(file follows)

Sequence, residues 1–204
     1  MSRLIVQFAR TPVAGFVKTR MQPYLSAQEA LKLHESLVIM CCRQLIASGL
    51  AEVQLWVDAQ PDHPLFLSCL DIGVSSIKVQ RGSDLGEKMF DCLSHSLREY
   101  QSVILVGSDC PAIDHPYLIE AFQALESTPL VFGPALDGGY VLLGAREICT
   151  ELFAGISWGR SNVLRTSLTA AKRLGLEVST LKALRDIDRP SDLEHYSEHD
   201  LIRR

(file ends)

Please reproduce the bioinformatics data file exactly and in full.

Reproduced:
Sequence, residues 1–204
     1  MSRLIVQFAR TPVAGFVKTR MQPYLSAQEA LKLHESLVIM CCRQLIASGL
    51  AEVQLWVDAQ PDHPLFLSCL DIGVSSIKVQ RGSDLGEKMF DCLSHSLREY
   101  QSVILVGSDC PAIDHPYLIE AFQALESTPL VFGPALDGGY VLLGAREICT
   151  ELFAGISWGR SNVLRTSLTA AKRLGLEVST LKALRDIDRP SDLEHYSEHD
   201  LIRR